January 24, 2012 | Engineering + Technology, Wind Plant Optimization
Inspired by Justin Wheating’s last post, I’m focusing this month on something we can control.
We can either feel down-in- the-mouth about policy uncertainty, or we can swallow that bitter pill (for now) and focus on lowering the cost of production and using our current assets more efficiently. Hence my interview with Larry Jacobs, long-time employee of NRG Systems who now serves as our product manager for Turbine Health Monitoring. In between trade shows, alpha installs, and planning meetings, Larry sat down with me to chat about our latest venture into condition monitoring for wind turbines.
Q: What is condition monitoring and how are these systems currently being used in the wind industry?
A: People in the [Operations and Maintenance] space have different interpretations of what condition monitoring is. Basically, it’s a system that allows wind farm owners and operators to monitor a turbine’s drive-train remotely and schedule maintenance as needed. Simple systems might detect oil debris or temperature changes, while full-blown systems could measure vibrations of all drive-train components and the blades.
Ours is a health monitoring system because it predicts when components will go bad and provides end users readily understandable, actionable data. With other condition-monitoring systems O&M professionals have to rely on diagnostic engineering support to understand what their system is telling them, which can add significant cost.
Q: NRG Systems has always focused on measurement. Why enter this new space?
A: First off, condition monitoring is another form of measurement. It’s just focused on the health of a turbine versus environmental conditions. Second, we’ve got to find a way, as an industry, to get more power out of the machines we currently have in the ground. This means running them and maintaining them more efficiently. This is particularly important with $40 billion in assets coming off warranty in the U.S. Third, NRG Systems has strong connections with the aerospace industry. Based on the talent that has come on board, we’ve been able to borrow technology – like condition monitoring for helicopters – and apply it to the wind industry.
Q: Wind turbines and helicopters are similar? How?
A: They both have rotating parts: blades, bearings and gears. And they both operate in similar, somewhat violent conditions. Even though a turbine blade might have an RPM of 15, and a helicopter blade an RPM of 250, they both place a tremendous amount of torque on the system. In the aerospace industry, condition-monitoring systems are mandatory because the risks to human life and equipment cost are so high. While the human risk with wind energy is negligible, equipment costs are quite significant, especially when catastrophic failures occur. An effective condition- monitoring system can help mitigate these risks.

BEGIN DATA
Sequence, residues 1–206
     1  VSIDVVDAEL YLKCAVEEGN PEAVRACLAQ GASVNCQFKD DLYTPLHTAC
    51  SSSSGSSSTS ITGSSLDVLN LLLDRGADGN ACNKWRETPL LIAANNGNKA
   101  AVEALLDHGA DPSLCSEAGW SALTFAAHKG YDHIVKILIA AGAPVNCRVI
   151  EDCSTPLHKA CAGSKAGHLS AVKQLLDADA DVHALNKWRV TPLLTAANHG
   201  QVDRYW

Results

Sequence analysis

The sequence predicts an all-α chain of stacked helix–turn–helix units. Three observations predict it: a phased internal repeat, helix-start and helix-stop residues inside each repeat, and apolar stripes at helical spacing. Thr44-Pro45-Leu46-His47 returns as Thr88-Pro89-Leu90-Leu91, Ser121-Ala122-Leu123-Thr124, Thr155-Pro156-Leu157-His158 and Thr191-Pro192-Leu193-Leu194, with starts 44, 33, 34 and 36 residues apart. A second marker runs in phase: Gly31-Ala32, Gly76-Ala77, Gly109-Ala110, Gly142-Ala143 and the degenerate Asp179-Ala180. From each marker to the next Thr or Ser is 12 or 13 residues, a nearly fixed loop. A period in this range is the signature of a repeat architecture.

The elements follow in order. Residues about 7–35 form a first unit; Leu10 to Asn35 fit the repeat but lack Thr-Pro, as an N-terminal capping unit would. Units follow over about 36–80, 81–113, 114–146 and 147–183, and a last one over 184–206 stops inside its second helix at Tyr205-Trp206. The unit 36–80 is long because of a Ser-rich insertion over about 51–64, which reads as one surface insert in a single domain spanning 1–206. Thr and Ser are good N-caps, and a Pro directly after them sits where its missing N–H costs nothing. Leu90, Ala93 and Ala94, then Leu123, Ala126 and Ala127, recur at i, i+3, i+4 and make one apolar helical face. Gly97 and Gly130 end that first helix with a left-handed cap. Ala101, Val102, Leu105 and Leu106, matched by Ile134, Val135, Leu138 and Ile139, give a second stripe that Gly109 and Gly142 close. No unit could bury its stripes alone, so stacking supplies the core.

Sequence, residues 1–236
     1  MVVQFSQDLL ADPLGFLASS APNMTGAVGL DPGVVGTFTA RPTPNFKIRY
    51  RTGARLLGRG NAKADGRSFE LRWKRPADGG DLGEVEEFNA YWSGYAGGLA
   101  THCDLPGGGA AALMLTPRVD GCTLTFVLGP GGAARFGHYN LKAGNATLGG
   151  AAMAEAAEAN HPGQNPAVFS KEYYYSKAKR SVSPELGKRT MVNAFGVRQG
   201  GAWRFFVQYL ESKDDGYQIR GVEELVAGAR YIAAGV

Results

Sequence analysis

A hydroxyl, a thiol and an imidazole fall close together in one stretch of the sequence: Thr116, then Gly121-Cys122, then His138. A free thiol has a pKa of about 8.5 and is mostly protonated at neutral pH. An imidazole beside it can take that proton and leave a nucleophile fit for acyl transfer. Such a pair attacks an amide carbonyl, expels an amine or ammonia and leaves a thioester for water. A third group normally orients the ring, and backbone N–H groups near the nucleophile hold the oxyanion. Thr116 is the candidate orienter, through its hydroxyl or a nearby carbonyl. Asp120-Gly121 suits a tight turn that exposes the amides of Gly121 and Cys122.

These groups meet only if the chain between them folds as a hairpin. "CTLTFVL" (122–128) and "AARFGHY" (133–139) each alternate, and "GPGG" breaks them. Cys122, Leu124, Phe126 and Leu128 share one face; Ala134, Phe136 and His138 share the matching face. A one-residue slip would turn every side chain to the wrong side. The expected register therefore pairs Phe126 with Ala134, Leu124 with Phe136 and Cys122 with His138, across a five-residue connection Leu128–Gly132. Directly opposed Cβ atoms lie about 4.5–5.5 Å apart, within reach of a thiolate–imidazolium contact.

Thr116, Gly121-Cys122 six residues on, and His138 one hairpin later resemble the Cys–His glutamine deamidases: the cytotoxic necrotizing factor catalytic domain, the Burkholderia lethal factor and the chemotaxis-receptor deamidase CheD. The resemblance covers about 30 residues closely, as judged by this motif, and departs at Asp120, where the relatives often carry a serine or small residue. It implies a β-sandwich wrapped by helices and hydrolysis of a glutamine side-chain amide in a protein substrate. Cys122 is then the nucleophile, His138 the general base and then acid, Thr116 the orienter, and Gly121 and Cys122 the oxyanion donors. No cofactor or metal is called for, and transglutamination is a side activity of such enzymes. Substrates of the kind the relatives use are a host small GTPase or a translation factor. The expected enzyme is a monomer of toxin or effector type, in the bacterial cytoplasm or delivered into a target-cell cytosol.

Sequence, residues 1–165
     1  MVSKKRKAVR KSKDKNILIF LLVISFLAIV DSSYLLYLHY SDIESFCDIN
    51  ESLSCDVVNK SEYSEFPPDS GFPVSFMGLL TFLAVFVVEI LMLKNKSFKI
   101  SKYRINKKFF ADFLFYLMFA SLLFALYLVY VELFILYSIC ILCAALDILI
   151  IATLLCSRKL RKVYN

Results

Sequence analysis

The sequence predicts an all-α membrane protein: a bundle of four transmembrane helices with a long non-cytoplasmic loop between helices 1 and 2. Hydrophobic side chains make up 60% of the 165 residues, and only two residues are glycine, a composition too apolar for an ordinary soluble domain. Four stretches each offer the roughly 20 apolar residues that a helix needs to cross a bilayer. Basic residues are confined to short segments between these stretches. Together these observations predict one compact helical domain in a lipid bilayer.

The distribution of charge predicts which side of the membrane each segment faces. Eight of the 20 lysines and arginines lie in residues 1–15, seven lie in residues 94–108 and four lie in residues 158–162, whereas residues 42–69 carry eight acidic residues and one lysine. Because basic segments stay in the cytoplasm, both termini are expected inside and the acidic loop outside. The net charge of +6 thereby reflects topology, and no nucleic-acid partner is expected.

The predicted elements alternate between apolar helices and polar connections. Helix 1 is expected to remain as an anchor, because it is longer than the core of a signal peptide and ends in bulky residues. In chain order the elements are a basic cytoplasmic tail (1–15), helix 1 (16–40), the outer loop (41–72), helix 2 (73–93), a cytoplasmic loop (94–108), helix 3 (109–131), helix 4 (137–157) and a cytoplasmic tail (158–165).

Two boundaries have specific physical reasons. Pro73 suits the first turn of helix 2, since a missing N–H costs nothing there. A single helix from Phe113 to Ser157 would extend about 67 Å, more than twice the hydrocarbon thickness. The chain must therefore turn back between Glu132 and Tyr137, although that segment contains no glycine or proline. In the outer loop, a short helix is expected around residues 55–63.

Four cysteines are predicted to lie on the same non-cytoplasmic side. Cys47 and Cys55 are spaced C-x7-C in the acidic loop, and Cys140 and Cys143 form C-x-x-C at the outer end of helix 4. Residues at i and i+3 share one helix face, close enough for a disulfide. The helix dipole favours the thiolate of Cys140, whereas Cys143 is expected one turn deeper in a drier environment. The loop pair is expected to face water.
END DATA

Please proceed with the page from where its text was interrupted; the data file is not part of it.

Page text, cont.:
Q: How common are condition-monitoring systems for wind turbines?
A: Right now about 20-25% of the turbine installed base is outfitted with condition-monitoring systems, most often sold with the turbine and provided by the OEM at time of sale. Wind farm operators that don’t use them either run turbines to failure or do regular inspections. Using a condition-monitoring system versus not using one is the difference between doing periodic inspections – and guessing when components might fail – versus monitoring the system on a continual basis.
Q: When looking at condition monitoring, what questions should owner/operators ask themselves?
A: They should ask themselves, does the system provide actionable information in a timely manner? They need to know the current health of all the components in the drive-train and when those components might go bad. From there, they can schedule future maintenance actions in the most cost effective manner. The forward-looking estimates of component life are key. The longer the planning horizon, the more opportunities for cost savings.
They should also ask themselves about the overall value of the system, not just its list price. This means weighing the quality of the information, usability of the system and reliability of the data. It means having confidence in the information coming from the condition- monitoring system, such as “do nothing” or “plan maintenance.” These signals should be transparent and easy to understand.
It’s like buying the service manual when you buy a new car. Even if I never perform my own maintenance, I like having access to information and being able to drill down into the details. What can I say? I’m an engineer. I like data.